Utricularia, the bladderworts, are carnivorous plants which capture their prey through their bladder traps by sucking them in through a trap door, and seizing them in a pod to digest and consume their hapless victims. Some of these plants are aquatic, others are terrestrial, though all have traps that depend on being submerged in water to operate. Here, floating in the water of a sunny pond, is the Common Bladderwort (Utricularia macrorhiza). In this first photograph, we have a close look at the structure of this plant and its traps, bringing us into its aquatic world. For the second photograph, the traps of the Eastern Purple Bladderwort (Utricularia purpurea) are visible floating just beneath the water’s surface. It can be seen how the traps are arranged on branching filaments, emanating from radial whorls along the main stem-like stolon. The third photograph, is of a Green Frog (Rana clamitans) sitting in the suspended muck of a slurry of peat and water, at the edge of a floating Sphagnum bog along a tributary to the Peconic River.
Among the brush at the edge of another nearby pond, a Female American Bullfrog (Rana catesbeiana), is caught by the Northern Water Snake (Nerodia sipedon). A gruesome sight to witness, as the snake slowly drew the still living frog deeper into its mouth, the victim’s panicked cries of fear and desperation becoming fainter as it began to disappear, sliding further down into the serpent’s gullet until it was little more than a silent lump deep in the snake’s belly. This theatric drama of life and death, played itself out mere steps from a boat launch used for recreational fishing by people who wish to enjoy the peaceful tranquility of this pond. It is a harsh reminder of how the laws of nature transpire, whereas an insect will be eaten by the frog, the frog will be eaten by the snake, and the snake will be eaten by the heron. All creatures great and small, are a part of this continuous cycle of life and death. Nature in all its glory, though it may be beautiful, can also seem ruthless in its lack of compassion. It is not from any cruel intention of brutality, but is simply the unforgiving competition of survival of the fittest, to advance life to ever greater complexities, by adapting to overcome the most insurmountable challenges.
Eastern Tiger Salamanders (Ambystoma tigrinum) are among the many interesting creatures found in the Suffolk County Boglands of Long Island, and these are a coastal plain lineage, subspecies (Ambystoma tigrinum tigrinum). They are known as Mole Salamanders, which spend most of their adult lives underground in burrows, except for when they emerge on rainy nights in the late winter, around February or March, to breed and lay their eggs in small ponds. Each female lays an egg mass that can contain up to 100 eggs which hatch in about two to six weeks, from late March to April depending on the water temperatures. The larvae are aquatic and small, measuring around a half an inch at hatching. As they begin to feed, they grow larger, and go through a metamorphosis growing limbs and transforming to terrestrial adults in a few months, usually by July, when they crawl out from the ponds and disperse, to begin their dark, subterranean lives underground.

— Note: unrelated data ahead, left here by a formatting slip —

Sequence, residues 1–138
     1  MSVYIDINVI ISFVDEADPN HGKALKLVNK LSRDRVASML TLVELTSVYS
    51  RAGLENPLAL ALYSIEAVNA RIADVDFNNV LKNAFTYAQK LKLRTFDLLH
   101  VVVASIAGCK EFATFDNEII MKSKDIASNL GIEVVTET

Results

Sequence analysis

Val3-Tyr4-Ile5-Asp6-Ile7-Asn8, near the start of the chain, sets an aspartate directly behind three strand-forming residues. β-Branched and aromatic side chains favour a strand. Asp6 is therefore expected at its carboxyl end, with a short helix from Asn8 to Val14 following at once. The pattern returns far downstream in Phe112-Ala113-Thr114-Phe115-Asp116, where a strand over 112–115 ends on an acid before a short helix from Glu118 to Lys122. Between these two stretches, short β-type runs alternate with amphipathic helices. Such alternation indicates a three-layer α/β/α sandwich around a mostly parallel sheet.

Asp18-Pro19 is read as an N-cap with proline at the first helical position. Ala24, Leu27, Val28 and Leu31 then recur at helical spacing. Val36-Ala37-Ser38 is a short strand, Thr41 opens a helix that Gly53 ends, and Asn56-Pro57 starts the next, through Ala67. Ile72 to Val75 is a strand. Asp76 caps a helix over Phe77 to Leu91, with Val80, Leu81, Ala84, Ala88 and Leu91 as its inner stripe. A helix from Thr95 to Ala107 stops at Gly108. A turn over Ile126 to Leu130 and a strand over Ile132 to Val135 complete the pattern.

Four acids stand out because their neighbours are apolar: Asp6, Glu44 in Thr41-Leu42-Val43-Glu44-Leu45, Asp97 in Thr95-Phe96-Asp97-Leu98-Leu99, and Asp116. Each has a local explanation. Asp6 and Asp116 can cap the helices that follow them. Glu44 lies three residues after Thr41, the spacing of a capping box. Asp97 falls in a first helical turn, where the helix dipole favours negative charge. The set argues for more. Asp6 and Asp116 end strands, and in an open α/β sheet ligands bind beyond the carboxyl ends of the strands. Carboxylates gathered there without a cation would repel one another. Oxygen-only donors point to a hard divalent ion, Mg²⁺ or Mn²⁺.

These specimens seen in the photographs are of the aquatic larval stage, who some people call “water dogs”. Swimming through the water, with large, broad heads, and feathery gills ravenously eating anything that they can fit into their mouths, sometimes even the smaller members of their own species. Small crustaceans, insect larvae, molluscs, leeches, frog tadpoles, and the larvae of other salamander species are some of the many other things that they will eat as well. Their juvenile existence in the pond also consists of avoiding being eaten by predators such as larger aquatic insects, frogs, snakes, and birds. It is a highly competitive struggle for survival that these creatures are destined for, with only a small percentage of them ever reaching adulthood. Their natural predators may present formidable dangers for the salamanders, but it is the human influences that are the greatest threat to their long-term survival. Long ago, it is thought that all vernal ponds with sandy soils on Long Island once had Tiger Salamanders breeding in them. But today it is estimated that only about 90 ponds with breeding populations are left, and of those only about 13% are considered to be of excellent viability. Increasing development and pollution of their habitats are eradicating these strange and rarely seen creatures, at a rate that could unfortunately see them disappear from our local natural wildlands forever.